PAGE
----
Christians are perceived as ‘second class citizens’ in India says expert
Campaigners said the crosses were torn down from Three-Self church in Zhejiang province, Yongzhong Street Canghe Church in Wenzhou city and the nearby Yongzhong Christian Church. Religious leaders said complaints about the destruction of the crosses were brushed aside by local authorities.
It is nosurprise that a house church is seen as an enemy of the state and clamped down upon
Public Security Bureau officials in Wenzhou’s Longwan District insisted cases of “stolen” crosses did not fall under their jurisdiction and will not be investigated.
Wenzhou city has one of the highest Christian populations in China but Zhejiang regional government officials launched a crackdown against the religion and cross removal campaign seven years ago.
Christian campaigners said thousands of crosses had been removed from churches across Wenzhou and nearby cities since then.
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A spokeswoman for the International Christian Concern group said: “It is worrisome that years later, the cross removal continues to be documented across China.”
Raids on churches displaying Christian symbols are routinely conducted across China with worshippers often detained and bibles, prayer books and religious literature destroyed.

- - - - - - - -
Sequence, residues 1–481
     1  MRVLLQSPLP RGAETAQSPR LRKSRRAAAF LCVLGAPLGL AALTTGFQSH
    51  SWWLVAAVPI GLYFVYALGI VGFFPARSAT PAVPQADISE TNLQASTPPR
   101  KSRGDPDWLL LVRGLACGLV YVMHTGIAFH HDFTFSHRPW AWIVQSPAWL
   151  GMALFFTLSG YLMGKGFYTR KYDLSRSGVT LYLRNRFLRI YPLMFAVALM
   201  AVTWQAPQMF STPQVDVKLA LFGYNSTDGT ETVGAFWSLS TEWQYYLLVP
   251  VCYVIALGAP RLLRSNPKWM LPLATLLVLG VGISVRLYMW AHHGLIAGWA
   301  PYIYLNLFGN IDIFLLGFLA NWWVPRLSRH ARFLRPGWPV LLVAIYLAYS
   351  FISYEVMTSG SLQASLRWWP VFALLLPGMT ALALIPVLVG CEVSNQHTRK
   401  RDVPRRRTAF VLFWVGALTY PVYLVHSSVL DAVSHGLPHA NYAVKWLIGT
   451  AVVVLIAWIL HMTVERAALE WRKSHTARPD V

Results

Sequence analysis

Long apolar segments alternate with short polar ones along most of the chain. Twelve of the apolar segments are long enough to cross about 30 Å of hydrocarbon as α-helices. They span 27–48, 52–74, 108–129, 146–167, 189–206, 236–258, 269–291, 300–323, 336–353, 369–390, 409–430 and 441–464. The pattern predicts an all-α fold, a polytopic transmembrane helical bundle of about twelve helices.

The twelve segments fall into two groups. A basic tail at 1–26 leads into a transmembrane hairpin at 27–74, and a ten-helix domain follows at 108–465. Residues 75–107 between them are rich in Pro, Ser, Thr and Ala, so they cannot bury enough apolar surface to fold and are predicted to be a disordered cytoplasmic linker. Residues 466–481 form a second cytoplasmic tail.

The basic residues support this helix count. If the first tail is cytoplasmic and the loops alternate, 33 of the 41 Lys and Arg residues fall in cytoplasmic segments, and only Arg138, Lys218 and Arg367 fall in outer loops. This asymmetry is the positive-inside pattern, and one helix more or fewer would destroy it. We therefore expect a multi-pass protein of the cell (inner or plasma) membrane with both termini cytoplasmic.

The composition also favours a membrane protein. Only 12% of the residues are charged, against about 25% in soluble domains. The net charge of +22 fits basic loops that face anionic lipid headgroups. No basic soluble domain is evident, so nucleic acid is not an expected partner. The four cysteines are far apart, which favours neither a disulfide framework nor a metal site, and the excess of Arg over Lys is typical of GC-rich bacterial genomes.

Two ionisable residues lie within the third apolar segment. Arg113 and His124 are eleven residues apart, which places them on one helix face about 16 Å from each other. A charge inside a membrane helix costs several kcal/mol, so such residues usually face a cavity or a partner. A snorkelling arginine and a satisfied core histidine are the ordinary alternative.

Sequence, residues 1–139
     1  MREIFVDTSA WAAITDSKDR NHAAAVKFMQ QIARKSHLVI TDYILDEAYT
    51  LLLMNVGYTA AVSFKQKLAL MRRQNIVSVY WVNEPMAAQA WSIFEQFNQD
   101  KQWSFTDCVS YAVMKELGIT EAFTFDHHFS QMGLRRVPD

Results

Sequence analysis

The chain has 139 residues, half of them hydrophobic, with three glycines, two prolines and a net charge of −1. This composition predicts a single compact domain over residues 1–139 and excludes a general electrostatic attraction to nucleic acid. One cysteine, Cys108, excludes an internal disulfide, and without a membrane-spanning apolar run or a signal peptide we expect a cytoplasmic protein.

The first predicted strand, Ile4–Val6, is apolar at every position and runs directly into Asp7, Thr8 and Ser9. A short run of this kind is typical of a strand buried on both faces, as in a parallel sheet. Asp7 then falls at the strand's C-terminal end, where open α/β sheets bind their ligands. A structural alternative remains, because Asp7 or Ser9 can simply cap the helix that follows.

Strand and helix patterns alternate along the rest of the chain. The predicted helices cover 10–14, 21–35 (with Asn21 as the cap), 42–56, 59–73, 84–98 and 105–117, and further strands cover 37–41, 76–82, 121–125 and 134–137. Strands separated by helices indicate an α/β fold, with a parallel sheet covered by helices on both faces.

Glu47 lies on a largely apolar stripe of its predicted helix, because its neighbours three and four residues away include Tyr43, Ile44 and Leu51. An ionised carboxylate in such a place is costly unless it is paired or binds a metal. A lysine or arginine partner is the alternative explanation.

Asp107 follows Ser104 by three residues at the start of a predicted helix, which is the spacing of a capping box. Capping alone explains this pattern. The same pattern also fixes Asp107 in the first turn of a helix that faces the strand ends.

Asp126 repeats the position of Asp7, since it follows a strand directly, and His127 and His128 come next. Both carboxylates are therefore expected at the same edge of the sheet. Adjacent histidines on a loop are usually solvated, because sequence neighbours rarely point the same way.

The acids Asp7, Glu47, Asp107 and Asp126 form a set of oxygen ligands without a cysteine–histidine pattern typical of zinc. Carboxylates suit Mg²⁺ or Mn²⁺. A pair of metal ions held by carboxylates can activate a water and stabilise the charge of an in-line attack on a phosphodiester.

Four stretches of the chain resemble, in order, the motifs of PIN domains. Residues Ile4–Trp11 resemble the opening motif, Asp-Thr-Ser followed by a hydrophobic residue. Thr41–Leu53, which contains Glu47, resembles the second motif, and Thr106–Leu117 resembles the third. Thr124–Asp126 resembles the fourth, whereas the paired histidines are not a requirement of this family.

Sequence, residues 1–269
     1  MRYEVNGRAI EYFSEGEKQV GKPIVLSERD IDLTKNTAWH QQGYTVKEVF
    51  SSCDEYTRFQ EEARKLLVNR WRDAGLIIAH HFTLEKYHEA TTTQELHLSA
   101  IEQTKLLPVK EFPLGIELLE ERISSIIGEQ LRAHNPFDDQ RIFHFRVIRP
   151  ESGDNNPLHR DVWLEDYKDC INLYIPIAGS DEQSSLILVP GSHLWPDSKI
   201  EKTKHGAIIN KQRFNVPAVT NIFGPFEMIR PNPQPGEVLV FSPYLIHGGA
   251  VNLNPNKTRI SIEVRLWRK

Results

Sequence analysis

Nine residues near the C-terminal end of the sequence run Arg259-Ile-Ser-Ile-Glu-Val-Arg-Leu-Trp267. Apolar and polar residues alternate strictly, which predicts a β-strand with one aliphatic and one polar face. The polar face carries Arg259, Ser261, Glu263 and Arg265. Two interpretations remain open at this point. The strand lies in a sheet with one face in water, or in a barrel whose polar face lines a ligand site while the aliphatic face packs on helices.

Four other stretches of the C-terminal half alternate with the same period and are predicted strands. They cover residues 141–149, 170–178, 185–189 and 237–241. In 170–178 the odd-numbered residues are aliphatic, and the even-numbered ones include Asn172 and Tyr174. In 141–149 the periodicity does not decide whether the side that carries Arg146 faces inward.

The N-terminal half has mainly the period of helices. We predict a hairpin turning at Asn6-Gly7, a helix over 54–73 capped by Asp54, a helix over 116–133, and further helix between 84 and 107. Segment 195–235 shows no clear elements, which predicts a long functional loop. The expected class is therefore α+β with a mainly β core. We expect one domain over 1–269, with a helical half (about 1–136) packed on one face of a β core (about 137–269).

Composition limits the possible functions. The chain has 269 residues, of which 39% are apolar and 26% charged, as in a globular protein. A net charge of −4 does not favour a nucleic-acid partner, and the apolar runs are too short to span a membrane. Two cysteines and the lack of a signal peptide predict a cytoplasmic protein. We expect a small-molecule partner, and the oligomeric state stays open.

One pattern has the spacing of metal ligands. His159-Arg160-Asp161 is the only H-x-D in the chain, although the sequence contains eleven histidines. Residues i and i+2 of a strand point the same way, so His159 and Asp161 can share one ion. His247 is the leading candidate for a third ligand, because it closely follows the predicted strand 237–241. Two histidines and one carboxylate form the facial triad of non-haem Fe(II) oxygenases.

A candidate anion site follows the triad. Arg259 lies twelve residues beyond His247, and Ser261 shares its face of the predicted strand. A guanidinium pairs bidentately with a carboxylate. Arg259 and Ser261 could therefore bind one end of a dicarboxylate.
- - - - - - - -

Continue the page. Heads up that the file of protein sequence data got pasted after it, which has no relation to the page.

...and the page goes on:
In some cases churches and associated buildings are demolished and business linked to places of worship forced to close down.
Chinese leader Xi Jinping’s authoritarian politburo is violently opposed to Christianity or any other religions which fall out of its strict communist guidelines.
The party jealously guards its hold over Chinese citizens and placing itself above everything, including religious deities.
The regime is officially atheist with more than half of China’s 1.4 billion population not associated with any religion or belief.
The Chinese Communist Party strictly monitors religion with Christians expected to attend state-approved churches.
Some 57,000 churches belong to the Chinese Communist Party which also forbids teachers and soldiers from becoming Christians.
Under Chinese law it is also illegal for minors to receive religious education.
Gina Goh, ICC’s Regional Manager for Southeast Asia, said: “In this day and age, where any religion in China has to submit itself to the control of the Chinese Communist Party and President Xi Jinping, it is no longer a surprise that a house church is seen as an enemy of the state and clamped down upon.
“China’s blindness to its violation of religious freedom needs to be continuously exposed so that Beijing knows it cannot get away with performing these evil acts.
“For the Chinese government to frantically persecute Christians even after their churches were shut down shows how Beijing has no interest in respecting religious freedom.”
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She continued: “What the Chinese Communist Party (CCP) does not understand is that Christianity will not be wiped out just because the buildings no longer stand.
“The more the government erodes the rights of Chinese citizens, the more enemies it creates within its territories.
“One day, this pressure cooker will explode, threatening the CCP regime, the exact endgame it is fearful of.”
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